The Cool Kids
When Fish Ride Bicycles
If The Cool Kids are trying to leave the past behind, their "debut" does indicate promise for their future.
Despite releasing a number of official mixtapes and gathering a large MySpace presence back when that still meant something, The Cool Kids are just now releasing what is technically their debut album, When Fish Ride Bicycles. Having signed on with Green Label Sound, Mikey Rocks and Chuck Inglish have taken advantage of their new opportunities as Official Emcees to expand on their sound. While some of these changes may be unexpected for first-wave fans, The Cool Kids do still sound like the duo they friend requested years ago.
Known for old-school influenced, percussion heavy beats, Chuck Inglish has added a wider range of instrumentation to his production. The Cool Kids have collectively evolved over time and, for better or worse, their references this time around are a little more current. “Penny Hardaway” (with Ghostface) incorporates string samples and Southern-style high hats, a pretty noticeable departure from the Bake Sale tracks that were all kick drums and emptiness. They go even further on “Swimsuits,” bringing in Mayer Hawthorne for a dancey track that just as easily could’ve belonged to Pitbull.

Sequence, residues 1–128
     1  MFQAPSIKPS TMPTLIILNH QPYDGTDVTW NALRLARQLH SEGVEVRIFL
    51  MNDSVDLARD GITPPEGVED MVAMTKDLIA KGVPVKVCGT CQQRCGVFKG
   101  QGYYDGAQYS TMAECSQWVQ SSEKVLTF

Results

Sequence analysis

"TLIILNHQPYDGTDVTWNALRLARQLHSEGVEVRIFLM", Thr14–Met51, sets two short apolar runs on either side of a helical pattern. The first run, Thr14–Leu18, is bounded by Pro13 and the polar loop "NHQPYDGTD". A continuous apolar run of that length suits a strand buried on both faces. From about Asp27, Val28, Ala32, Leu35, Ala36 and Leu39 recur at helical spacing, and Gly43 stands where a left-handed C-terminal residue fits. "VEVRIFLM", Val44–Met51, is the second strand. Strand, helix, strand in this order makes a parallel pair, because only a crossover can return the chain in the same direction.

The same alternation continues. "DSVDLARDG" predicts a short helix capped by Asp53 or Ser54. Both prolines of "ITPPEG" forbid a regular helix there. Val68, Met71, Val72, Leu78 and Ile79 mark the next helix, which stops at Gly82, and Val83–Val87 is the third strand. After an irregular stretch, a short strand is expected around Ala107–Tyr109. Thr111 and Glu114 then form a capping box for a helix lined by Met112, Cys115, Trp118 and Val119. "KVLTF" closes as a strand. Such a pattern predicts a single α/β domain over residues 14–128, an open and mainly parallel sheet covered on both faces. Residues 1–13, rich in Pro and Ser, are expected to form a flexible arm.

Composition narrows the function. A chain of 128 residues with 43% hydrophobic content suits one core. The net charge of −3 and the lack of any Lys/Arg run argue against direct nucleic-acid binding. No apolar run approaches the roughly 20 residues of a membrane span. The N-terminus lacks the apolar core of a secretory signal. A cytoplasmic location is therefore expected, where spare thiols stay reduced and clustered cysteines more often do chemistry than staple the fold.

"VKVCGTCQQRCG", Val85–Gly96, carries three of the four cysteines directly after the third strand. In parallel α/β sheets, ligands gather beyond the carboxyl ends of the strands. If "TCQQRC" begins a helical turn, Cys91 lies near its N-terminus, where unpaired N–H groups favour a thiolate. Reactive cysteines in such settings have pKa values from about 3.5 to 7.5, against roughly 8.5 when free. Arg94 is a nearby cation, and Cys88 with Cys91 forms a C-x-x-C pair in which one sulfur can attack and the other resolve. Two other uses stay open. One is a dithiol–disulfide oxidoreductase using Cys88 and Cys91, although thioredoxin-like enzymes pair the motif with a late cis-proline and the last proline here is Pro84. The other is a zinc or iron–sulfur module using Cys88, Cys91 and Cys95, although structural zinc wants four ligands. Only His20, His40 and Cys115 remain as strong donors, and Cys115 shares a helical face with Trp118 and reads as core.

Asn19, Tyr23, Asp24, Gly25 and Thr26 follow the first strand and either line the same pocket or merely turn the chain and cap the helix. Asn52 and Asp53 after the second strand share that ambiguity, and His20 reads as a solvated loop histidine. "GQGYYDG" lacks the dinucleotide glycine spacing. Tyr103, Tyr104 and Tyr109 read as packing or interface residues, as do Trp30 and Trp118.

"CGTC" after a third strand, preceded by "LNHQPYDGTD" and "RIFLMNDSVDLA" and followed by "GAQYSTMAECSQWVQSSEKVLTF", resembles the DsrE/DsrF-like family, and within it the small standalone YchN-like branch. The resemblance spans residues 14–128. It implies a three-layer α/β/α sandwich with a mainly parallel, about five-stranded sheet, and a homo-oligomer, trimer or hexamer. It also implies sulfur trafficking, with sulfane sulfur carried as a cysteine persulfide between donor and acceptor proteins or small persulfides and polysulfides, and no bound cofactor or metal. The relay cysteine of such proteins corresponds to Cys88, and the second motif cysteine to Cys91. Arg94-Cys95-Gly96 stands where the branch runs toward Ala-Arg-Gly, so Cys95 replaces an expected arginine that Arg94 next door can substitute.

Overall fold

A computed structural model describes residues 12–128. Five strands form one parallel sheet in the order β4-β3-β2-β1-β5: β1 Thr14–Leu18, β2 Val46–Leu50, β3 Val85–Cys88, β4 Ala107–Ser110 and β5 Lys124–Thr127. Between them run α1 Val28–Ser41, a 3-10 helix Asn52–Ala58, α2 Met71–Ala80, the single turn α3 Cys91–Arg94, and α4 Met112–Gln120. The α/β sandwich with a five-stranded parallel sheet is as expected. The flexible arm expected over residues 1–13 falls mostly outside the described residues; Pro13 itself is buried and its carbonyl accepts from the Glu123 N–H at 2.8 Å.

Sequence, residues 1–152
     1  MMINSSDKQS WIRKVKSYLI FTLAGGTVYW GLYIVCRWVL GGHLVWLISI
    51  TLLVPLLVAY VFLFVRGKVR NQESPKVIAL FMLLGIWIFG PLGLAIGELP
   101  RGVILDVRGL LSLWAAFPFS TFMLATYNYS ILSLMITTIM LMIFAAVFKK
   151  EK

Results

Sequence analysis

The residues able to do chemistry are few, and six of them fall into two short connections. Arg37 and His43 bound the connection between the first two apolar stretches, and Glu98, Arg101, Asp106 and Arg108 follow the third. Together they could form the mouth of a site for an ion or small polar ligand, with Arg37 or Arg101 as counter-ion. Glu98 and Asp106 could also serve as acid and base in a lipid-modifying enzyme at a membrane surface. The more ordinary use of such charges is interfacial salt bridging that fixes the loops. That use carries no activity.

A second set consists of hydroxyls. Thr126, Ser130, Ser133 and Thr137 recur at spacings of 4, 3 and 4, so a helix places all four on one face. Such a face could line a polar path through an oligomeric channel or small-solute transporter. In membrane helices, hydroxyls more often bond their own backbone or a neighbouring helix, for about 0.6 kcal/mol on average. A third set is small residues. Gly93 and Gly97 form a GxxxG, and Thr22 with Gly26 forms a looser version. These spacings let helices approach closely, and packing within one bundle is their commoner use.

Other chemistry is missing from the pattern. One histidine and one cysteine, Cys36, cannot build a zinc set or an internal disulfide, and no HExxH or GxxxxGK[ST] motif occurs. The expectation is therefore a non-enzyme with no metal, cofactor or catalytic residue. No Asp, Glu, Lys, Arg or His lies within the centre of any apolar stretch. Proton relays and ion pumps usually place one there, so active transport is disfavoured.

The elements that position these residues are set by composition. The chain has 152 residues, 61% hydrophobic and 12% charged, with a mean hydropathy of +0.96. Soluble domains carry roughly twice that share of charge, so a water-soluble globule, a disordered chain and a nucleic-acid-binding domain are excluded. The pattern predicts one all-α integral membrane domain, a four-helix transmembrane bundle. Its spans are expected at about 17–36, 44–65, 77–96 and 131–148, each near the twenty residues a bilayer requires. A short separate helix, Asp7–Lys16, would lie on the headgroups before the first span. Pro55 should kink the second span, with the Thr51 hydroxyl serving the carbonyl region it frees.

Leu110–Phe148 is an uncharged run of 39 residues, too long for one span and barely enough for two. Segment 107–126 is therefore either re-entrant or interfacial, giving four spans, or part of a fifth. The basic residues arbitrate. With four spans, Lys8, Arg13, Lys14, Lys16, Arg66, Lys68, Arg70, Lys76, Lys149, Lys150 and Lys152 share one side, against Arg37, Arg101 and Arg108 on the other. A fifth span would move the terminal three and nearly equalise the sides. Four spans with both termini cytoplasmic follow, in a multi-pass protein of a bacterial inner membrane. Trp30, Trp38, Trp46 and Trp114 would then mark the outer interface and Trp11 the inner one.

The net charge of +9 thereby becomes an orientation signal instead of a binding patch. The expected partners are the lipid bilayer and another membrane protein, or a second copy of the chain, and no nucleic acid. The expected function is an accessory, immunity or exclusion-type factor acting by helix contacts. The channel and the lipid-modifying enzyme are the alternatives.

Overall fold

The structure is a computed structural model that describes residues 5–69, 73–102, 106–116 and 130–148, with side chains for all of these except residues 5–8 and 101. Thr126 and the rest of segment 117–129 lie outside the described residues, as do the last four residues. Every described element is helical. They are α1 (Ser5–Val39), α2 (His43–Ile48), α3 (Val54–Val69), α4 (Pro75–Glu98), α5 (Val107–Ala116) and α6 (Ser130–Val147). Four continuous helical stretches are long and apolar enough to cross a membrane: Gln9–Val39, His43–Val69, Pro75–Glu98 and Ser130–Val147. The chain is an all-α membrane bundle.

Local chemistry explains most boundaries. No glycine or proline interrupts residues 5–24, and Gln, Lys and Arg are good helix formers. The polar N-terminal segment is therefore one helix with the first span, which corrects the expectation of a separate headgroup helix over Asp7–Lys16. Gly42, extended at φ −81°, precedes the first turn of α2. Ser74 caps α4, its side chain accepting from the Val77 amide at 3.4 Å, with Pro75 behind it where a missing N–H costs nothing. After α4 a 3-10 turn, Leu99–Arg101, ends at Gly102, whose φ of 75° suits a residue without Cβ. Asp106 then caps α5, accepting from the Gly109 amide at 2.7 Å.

That’s not to say that the songs don’t work: “Gas Station” (with Bun B) is a perfect blend of Inglish and Bun’s sensibilities. “Sour Apples” (with Travis Barker) is another success, bringing The Cool Kids a little closer to the pop audience while still feeling fresh (and continuing to help establish Barker as a viable top producer). Further down, “Roll Call” with Asher Roth, Chip Tha Ripper and Boldy James is a well-executed posse cut where everyone handles their responsibilities properly.
In exchange for a broader sound, however, Chuck and Mikey have lost some of the aesthetic appeal that helped them stand out to begin with. Not everyone will notice the difference right away, but bargain-bin Neptunes tracks (“Get Right”) and club joints (“Boomin”) just aren’t going to be as memorable as the group’s earlier work. More to the point, with nine features on eleven tracks, both rappers get lost in their own songs at times.
Despite losing the laser-like focus of their earlier mixtapes, When Fish Ride Bicycles is a fun, well-made album that brings several welcome additions to their catalogue. The duo still needs to strike the right balance between branching out and trusting their instincts, but if The Cool Kids are trying to leave the past behind, their "debut" does indicate promise for their future.